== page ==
Short-time seeding of low-coverage Au colloid monolayers leads to a startlingly different (but expected) nanostructure (FIG. 12, panel B): after 6 minutes, there is little particle fusion. To the contrary, a collection of isolated larger particles is seen, many of which are elliptically shaped. Also, about 10-15% of the particles are isolated spheres of 40-50 nm diameter. Clearly, increasing the interparticle spacing promotes “solution-like” enlargement, and notwithstanding the fused particles, the resulting surface looks like one that might be obtained by self-assembly of a 50-nm diameter colloidal Au particles prepared by the Frens method.
FE-SEM images of Au films derived from prolonged Au3+/NH2OH seeding of high-coverage and low-coverage Au colloid monolayers (panels C and D, respectively, of FIG. 12) are far more similar than their predecessors. Both films exhibit large-scale particle fusion, with all vestiges of the original nanostructure completely obscured. The only discernable difference between the samples is the presence of scattered “holes” in the low-coverage film, likely a product of incomplete coalescence of large particles.
The images in FIGS. 10-12 reveal how two very different growth mechanisms can yield equally conductive surfaces by Au3+/NH2OH seeding: at high coverages, early-time coalescence of smaller particles leads to a granular film, while at low coverage, isolated particles are seeded to form distinct, larger particles prior to their ultimate fusion.
Nanometer-Scale Optical Properties
The low transmittance of metallic Au/air interface in the near-IR is an intrinsic optical property of Au that depends solely on its wavelength-dependent dielectric properties. In contrast, several optical properties of Au depend on nanostructure, including SERS, SPR, and non-linear optical behavior. Accordingly, we sought to investigate the effects of particle enlargement and surface roughening via Au3+/NH2OH seeding on these optical phenomena.
FIG. 13 shows SERS spectra for 10 mM solutions of BPE drop-coated onto a 12-nm diameter colloidal Au/APTMS/glass substrate (a) and onto identical substrates after immersion in 0.01% HAuCl4/0.4 mM NH2OH for 1 (b), 6 (c) and 17 minutes (d). Seeding leads to significant increases in signal (≈50) compared to the relatively weakly enhancing Au colloid monolayer. These surfaces give SERS enhancements equivalent to surfaces prepared by more effort-intensive (and expensive) methods such as evaporation or sputtering.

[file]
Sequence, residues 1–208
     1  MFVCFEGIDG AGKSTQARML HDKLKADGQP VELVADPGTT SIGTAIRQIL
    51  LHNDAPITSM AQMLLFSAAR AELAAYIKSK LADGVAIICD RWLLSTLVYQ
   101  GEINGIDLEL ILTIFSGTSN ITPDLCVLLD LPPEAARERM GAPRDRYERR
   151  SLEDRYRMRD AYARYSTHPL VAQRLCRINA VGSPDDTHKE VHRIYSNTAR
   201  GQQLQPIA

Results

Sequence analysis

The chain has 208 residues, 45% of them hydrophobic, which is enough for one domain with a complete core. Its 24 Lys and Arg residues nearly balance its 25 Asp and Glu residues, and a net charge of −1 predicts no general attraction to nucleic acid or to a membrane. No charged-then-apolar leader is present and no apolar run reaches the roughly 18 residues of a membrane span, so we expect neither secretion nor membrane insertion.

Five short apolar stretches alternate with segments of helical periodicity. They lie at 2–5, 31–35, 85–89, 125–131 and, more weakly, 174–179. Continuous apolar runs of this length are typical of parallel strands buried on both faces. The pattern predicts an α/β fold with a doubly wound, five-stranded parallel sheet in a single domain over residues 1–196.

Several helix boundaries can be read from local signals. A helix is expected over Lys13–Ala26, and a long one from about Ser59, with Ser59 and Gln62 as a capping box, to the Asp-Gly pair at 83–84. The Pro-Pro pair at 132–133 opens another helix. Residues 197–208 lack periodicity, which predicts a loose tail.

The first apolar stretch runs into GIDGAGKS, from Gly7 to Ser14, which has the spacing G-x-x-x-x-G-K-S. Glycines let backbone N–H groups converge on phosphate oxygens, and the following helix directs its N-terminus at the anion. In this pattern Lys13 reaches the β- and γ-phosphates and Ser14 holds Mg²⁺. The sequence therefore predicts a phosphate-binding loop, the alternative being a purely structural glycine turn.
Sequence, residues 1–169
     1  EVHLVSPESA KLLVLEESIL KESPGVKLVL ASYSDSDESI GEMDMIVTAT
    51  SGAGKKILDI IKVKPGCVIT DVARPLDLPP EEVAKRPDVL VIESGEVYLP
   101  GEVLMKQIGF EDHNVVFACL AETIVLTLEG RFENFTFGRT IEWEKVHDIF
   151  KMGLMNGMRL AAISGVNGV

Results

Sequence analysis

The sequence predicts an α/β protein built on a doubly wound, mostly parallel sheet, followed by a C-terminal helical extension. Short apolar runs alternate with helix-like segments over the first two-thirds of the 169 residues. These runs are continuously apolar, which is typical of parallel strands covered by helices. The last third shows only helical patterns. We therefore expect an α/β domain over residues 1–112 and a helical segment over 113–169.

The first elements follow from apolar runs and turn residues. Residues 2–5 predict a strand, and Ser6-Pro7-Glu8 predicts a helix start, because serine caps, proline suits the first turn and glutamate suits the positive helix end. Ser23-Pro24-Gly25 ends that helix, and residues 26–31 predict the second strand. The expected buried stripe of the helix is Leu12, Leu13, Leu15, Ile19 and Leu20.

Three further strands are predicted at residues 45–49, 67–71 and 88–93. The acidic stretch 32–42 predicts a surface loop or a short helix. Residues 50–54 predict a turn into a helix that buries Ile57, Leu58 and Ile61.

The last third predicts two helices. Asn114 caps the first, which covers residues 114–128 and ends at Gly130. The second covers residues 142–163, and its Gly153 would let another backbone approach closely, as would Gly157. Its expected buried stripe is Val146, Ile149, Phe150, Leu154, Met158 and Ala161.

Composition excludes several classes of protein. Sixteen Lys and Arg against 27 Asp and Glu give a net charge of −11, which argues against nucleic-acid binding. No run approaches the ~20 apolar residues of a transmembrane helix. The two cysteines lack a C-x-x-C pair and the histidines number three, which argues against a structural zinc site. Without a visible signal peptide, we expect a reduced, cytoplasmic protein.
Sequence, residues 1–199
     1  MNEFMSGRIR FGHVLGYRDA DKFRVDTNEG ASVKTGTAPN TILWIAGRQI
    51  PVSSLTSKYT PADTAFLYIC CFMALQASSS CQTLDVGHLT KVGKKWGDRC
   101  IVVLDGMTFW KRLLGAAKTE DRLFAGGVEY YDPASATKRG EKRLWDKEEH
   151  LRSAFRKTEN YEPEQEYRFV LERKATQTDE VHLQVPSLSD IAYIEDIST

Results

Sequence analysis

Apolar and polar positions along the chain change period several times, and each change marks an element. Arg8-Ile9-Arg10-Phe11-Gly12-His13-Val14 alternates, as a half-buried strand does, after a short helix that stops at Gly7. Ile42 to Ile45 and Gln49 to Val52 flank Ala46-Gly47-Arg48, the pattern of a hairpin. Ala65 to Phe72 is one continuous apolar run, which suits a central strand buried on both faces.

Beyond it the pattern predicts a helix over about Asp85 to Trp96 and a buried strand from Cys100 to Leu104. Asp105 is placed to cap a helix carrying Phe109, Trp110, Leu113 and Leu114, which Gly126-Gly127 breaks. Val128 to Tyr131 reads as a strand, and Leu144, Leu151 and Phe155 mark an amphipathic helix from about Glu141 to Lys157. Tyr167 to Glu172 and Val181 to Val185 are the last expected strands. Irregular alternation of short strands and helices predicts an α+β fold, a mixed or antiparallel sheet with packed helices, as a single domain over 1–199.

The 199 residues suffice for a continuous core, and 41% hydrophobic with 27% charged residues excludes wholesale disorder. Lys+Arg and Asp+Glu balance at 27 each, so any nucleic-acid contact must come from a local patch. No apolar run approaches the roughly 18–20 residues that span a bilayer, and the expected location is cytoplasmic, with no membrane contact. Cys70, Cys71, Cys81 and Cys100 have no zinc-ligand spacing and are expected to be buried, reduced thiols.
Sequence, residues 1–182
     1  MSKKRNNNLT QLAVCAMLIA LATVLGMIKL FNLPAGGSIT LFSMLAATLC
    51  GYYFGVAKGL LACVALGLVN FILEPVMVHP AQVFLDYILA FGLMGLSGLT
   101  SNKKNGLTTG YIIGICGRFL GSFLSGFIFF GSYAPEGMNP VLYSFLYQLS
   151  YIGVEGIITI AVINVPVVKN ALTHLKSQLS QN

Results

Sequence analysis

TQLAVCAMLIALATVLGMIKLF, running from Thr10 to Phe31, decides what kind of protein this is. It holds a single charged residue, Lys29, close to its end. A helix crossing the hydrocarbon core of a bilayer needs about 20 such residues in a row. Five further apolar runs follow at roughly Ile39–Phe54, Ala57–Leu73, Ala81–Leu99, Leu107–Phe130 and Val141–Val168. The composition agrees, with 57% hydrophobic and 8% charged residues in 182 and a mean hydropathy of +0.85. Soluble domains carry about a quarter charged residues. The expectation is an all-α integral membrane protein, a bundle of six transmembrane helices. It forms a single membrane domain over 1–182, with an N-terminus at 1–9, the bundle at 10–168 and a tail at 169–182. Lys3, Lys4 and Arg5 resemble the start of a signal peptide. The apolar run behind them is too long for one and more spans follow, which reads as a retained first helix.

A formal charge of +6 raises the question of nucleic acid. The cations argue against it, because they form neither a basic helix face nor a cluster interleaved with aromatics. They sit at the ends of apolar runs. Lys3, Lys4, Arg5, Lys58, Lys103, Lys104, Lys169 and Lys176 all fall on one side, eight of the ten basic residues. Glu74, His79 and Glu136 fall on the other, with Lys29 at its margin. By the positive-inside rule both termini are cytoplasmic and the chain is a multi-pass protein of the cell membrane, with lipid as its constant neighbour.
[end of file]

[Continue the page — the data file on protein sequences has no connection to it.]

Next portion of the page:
While SERS is extraordinarily sensitive to nanostructure at the surfaces of free electron metals like Au, it is a rather poor probe of interior nanostructure, as long as it does not impact bulk optical properties. In contrast, SPR depends on propagation of surface plasmons through thin Au films on glass substrates under conditions of total internal reflection. Since the plasmons are launched by evanescent waves that penetrate the Au to a depth of ≈150 nm, internal film structure is critical.
FIG. 14 shows the variety of SPR responses that can be obtained with evaporated and colloidal Au films. The top panel shows simulated reflectance vs. excitation angle curves for a 50-nm thick evaporated Au film, and experimental data for a 12-nm diameter colloidal Au/APTMS/glass surface and an eight-layer 12-nm diameter Au colloid multilayer. While the evaporated films shows a sharp minimum in reflectivity that comprises the basis for biological applications of SPR, both the Au colloid monolayer and multilayer exhibit broad reflectivity profiles. For the monolayer, the high reflectivity is due to the low sample absorbance at 632.8 nm; the large extinction of the multilayer at this wavelength leads to low reflectivity.
Particle enlargement and/or coalescence by NH2OH seeding leads to increased definition in SPR reflectivity curves for low- and high-coverage Au colloid monolayers (middle panel) as well as for Au colloid multilayers (bottom panel). For the latter, after a 10-minute immersion in the seeding bath, there is a further decrease in reflectivity, with concomitant evolution of fine structure. In particular, there is a spike at ≈41°, and a sinusoidal variation in reflectivity from 45° to 65°. Changes in reflectivity at the former (the critical angle) are expected; the origin of the latter feature clearly results from changes in film morphology.
Of greater interest are the changes in the monolayer reflectivity after a 10-minute immersion in Au3+/NH2OH. For the high-coverage surface, there is now a broad minimum in reflectivity that only slowly dissipates over 20+°. The low-coverage surface shares a similar profile, but minimum is less shallow. This difference is magnified at 20- and 30-minute immersion times. In general, there is an increase in reflectivity, as expected with 632-nm excitation for Au films that are greater than 50 nm thick. More importantly, while the minimum in reflectivity for the high coverage film is only slightly more pronounced than for a 10-minute immersion, a clean, relatively narrow minimum has evolved on the low-coverage surface. It is surprising that the SPR signature is so dramatically distinct for two films that have the same conductivity (Table 3), the same optical spectrum (FIG. 14), and an almost identical nanostructure (panels C and D of FIG. 12); at the same time, though, it is reasonable to expect that the SPR response, which is ideal for a 50-nm thick Au film with 3-4 nm roughness, would be better on the low-coverage film, in which particle growth proceeded prior to roughly 40-45 nm in diameter prior to coalescence. Au3+/NH2OH seeding of Au colloid monolayers with even lower coverages would lead to sharper SPR curves, via growth of isolated particles to even larger dimensions before fusion.